Nihon Kohden Corp. has said it will ramp up ventilator production by working with Toyota Motor Corp. in order to prepare for the possible wider spread of COVID-19 in Japan, which has so far appeared to avoid the spikes in cases seen in the U.S. and Europe.
The medical-equipment maker plans to deliver 1,000 ventilators in the next six months by boosting output fivefold, a spokeswoman said Thursday. Nihon Kohden makes mask-type ventilators domestically, while those to intubate patients are produced in California.
Manufacturers including General Motors Co. and General Electric Co. are using their production capabilities to boost the supply of ventilators, considered critical equipment for severely ill COVID-19 patients.
Japan has been increasing its availability of hospital beds, but medical experts have warned that there may not be enough ventilators if there is a sudden increase in infections.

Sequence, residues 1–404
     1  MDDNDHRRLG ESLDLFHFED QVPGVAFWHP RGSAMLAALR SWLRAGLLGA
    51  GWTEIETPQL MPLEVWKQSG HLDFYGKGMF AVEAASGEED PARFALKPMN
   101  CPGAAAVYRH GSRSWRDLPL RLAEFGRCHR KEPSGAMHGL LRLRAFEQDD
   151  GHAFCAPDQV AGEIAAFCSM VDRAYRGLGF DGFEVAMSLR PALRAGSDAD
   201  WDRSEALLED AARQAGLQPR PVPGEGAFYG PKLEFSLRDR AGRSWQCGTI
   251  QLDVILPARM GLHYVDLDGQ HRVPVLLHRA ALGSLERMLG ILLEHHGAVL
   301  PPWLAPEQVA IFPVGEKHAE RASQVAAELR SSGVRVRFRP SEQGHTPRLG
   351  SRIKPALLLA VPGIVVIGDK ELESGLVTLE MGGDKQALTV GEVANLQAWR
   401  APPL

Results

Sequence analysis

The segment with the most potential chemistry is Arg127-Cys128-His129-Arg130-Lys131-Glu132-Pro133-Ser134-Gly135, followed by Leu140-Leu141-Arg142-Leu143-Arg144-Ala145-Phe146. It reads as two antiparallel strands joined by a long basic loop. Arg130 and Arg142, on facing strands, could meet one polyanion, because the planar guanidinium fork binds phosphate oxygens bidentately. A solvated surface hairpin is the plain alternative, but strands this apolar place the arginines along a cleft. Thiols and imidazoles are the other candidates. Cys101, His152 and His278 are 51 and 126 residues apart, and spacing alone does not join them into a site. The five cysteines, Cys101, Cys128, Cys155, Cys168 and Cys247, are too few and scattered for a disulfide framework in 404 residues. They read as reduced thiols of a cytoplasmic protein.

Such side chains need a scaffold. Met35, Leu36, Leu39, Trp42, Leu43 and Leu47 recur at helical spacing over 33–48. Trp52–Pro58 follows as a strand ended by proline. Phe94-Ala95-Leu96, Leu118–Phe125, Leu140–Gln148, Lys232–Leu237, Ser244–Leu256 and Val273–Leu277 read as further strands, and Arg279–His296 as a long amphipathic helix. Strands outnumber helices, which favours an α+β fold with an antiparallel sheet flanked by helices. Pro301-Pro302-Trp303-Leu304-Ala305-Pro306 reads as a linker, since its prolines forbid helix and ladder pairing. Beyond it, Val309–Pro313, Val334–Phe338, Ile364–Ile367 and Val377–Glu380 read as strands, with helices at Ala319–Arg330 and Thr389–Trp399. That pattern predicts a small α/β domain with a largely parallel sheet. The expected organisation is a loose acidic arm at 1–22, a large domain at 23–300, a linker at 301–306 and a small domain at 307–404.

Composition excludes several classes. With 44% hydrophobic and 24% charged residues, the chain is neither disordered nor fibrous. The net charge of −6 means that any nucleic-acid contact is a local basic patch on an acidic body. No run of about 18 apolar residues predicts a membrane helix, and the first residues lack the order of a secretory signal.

The nation currently has more than 8,000 cases, compared with almost 640,000 in the U.S. and 2 million infections worldwide.
Nissan Motor Co. is also considering a partnership with a medical company recommended by the government, the economy ministry said Thursday.
The Nikkei newspaper reported Wednesday that Toyota and Honda Motor Co. were lined up to help Nihon Kohden to make more ventilators. Toyota has confirmed that it is working with Nihon Kohden, while Honda said it’s considering how it can support measures against the outbreak.
Prime Minister Shinzo Abe held a meeting Thursday with corporate executives from firms including Nissan, ANA Holdings Inc. and Unicharm Corp. to discuss ways to boost the production of masks, face shields, protective gowns and sanitizers.
Japan will expand its state of emergency to include the entire country from the current seven prefectures, Abe said earlier, addding that the period would continue to run until May 6. The prime minister also ordered changes to a planned extra budget to take into account calls for cash handouts of ¥100,000 ($930) per citizen.
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